Middlemen Jonathan Poland

A middleman is a person or organization that acts as an intermediary between a producer and a consumer. In a business context, a middleman typically adds value to a product or service by facilitating the exchange between the producer and the consumer. For example, a wholesaler might purchase goods from a manufacturer and then sell them to retailers, adding value by providing a more convenient way for the retailer to access the goods. In this way, the middleman is able to capture some of the value created by the exchange between the producer and the consumer. Overall, the middleman business model can be a useful way for businesses to add value and generate revenue by facilitating transactions between producers and consumers. The following are common examples.

Buying from producers and selling to other sellers as opposed to consumers. For example, a wholesaler of fish and vegetables who buys from farms and fisherman and sells to grocery stores and restaurants. This adds value as it is a great deal of overhead to deal with individual farms such that it makes sense to share this cost amongst many sellers.

A cooperative is an organization created by producers to pool their resources and increase their negotiating power. For example, a farming cooperative that sells the agricultural products of many farms to wholesalers.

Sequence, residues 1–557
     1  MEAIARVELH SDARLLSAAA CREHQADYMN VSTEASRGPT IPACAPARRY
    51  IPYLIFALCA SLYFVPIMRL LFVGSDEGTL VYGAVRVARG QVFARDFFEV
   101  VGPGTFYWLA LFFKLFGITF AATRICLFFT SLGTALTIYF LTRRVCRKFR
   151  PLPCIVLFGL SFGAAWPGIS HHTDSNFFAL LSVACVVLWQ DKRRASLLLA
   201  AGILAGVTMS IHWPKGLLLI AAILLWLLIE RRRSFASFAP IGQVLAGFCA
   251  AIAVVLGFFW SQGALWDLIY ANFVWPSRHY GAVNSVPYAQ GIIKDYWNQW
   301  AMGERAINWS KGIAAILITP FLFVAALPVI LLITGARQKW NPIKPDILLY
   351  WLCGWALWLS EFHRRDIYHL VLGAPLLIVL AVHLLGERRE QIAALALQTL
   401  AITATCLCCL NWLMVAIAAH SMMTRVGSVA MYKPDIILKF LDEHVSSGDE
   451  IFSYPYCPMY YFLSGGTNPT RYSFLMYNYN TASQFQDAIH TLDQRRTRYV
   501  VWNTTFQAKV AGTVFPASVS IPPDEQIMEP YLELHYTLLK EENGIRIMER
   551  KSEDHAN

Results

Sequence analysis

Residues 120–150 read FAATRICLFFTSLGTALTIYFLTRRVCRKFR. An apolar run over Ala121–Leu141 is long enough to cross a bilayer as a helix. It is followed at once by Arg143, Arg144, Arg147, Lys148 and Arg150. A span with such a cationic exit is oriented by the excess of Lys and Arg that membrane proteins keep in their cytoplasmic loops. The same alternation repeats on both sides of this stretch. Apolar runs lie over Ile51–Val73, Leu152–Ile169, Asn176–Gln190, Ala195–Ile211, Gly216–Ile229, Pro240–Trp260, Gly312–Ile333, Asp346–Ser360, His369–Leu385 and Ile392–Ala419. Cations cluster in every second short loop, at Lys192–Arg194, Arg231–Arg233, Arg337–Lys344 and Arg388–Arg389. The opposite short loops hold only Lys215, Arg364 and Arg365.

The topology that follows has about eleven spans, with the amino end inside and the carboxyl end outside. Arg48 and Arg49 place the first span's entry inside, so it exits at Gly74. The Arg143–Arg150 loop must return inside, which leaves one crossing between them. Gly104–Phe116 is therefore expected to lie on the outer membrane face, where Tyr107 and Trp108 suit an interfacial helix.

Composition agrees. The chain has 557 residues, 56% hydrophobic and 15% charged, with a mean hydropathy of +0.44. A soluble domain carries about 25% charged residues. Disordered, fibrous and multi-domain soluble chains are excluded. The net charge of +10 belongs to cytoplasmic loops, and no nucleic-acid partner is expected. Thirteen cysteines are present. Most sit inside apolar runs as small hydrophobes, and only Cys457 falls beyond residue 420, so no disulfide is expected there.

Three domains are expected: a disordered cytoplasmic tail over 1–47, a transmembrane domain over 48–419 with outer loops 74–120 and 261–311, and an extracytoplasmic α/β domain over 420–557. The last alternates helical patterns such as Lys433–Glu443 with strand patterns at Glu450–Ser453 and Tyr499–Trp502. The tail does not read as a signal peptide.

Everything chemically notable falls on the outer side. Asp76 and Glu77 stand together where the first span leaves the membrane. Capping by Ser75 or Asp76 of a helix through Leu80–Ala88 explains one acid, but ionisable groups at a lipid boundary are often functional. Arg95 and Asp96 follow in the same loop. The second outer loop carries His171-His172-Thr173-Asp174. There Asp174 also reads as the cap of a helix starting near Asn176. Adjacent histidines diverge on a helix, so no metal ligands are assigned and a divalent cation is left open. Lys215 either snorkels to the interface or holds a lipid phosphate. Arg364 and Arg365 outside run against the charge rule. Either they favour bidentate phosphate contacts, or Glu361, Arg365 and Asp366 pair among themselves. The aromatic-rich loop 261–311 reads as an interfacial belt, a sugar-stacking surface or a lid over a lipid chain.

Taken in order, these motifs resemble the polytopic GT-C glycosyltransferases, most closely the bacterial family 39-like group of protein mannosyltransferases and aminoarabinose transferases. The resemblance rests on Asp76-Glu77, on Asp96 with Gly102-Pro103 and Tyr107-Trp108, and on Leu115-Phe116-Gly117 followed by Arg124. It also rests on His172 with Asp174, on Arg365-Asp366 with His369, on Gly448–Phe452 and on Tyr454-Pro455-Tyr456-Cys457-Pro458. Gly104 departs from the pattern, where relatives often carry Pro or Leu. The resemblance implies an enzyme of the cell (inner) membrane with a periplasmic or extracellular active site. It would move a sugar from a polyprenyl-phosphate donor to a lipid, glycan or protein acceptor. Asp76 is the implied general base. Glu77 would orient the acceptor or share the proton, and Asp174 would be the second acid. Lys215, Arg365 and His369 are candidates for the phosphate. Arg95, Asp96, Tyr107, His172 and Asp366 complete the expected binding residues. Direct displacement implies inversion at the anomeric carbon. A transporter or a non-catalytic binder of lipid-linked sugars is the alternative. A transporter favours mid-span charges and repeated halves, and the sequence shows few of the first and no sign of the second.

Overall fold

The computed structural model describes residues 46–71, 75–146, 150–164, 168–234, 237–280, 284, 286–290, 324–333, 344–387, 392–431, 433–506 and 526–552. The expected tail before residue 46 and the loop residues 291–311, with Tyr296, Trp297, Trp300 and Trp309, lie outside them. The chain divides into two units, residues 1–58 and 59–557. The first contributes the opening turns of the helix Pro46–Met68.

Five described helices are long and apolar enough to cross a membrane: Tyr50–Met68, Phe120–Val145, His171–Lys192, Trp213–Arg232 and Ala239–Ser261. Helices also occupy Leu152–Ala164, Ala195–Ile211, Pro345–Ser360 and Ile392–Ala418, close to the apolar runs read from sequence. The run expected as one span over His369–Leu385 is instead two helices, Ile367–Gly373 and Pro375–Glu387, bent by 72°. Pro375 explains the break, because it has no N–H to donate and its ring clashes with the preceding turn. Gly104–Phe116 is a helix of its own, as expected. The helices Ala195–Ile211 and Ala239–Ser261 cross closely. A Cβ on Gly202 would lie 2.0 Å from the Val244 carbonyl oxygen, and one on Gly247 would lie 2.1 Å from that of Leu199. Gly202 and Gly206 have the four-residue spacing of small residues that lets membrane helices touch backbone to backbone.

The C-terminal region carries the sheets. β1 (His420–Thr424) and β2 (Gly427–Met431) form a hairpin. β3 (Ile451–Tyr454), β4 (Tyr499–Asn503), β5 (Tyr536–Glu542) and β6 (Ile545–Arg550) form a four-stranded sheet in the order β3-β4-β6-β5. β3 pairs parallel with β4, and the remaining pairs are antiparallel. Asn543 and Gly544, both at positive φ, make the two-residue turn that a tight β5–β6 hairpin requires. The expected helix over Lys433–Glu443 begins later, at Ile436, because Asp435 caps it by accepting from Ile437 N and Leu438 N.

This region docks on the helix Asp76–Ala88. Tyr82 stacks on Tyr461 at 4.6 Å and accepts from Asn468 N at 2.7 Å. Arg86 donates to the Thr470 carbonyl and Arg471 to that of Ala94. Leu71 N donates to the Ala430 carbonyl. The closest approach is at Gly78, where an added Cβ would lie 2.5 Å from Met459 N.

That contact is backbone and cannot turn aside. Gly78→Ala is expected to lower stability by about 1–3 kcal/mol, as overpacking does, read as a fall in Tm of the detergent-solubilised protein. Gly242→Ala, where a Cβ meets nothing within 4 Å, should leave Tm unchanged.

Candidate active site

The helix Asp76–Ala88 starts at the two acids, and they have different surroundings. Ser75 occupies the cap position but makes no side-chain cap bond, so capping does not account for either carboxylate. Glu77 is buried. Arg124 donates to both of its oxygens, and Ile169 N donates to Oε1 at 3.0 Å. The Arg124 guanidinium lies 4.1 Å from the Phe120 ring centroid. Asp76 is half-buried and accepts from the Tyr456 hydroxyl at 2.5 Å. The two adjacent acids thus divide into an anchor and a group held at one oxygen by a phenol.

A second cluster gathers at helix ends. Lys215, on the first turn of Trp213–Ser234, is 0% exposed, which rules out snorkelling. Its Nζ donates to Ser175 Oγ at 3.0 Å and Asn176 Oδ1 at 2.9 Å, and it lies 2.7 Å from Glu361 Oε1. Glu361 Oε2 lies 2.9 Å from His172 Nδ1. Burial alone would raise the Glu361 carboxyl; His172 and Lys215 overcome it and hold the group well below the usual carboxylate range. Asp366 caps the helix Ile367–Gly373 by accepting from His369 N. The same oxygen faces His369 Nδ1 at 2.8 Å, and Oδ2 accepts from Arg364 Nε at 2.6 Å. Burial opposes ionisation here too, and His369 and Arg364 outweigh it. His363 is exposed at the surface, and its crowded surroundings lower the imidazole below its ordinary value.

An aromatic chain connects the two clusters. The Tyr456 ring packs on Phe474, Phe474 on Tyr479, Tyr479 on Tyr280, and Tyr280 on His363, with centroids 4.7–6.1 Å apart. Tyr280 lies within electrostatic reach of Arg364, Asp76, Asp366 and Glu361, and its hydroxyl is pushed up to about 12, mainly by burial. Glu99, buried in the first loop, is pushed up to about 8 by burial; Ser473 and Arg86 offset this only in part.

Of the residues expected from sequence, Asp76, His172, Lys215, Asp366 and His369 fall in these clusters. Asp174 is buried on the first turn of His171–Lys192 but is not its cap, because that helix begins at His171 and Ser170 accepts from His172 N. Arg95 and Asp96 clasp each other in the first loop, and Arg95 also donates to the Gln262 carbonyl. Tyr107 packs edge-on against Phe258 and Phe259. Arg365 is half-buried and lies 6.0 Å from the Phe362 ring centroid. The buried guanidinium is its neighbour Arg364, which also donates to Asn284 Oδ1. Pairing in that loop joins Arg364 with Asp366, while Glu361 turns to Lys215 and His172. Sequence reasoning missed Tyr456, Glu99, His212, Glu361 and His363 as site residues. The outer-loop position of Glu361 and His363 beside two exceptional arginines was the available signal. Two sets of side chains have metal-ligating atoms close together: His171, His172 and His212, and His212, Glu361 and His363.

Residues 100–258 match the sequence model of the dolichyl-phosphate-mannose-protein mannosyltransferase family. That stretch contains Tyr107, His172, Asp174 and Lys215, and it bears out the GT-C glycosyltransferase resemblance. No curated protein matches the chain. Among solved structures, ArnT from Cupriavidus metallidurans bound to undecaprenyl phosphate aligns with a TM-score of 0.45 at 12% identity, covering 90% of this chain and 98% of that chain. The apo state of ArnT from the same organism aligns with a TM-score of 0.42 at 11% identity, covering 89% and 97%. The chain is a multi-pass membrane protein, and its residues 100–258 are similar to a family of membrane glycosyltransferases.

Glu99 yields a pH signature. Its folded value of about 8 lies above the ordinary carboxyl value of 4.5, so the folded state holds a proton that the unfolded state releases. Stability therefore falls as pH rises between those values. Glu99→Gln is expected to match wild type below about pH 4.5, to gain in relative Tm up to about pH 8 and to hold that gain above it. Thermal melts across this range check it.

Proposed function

Selling products and services through digital channels. The internet is a middleman business model when the seller is not the producer.

Reseller is a broad term for selling something you didn’t produce.

Parallel Import
Importing things without the permission of the producer. For example, a firm that imports a variety of European jams to Japan without reaching any distribution agreements with the manufacturers of these products.

Arbitrage is the process of capturing value by taking advantage of price differences in different markets. For example, a soap manufacturer who sells soap for $8 in US and $38 dollars in Hong Kong might attract parallel importers who take advantage of this price difference.

Trading House
A firm that helps producers reach foreign markets. For example, a Japanese firm that handles localization of products, sales, compliance and taxes for foreign firms who want to sell into Japanese markets.

Retail is a middleman business model if the retailer doesn’t produce what they sell. For example, a sports shop that sells snowboards from various brands.

A broker executes a transaction on behalf of another. For example, a real estate company that sells hundreds of units on behalf of a house builder.

An agent represents the interests of another. This is very similar to broker except that an agent is usually an individual and a broker is usually a firm.

A market connects buyers and sellers and takes a cut of each transaction. For example, a market for vacation rentals that connects owners with short term renters.

A market that sells to the highest bidder.

Cutting Out the Middleman
Business models that seek to reduce the number of intermediaries between the producer and consumer. For example, a farmers market where farmers can sell directly to consumers. It should be noted that it is common for middleman to participate in farmers markets.

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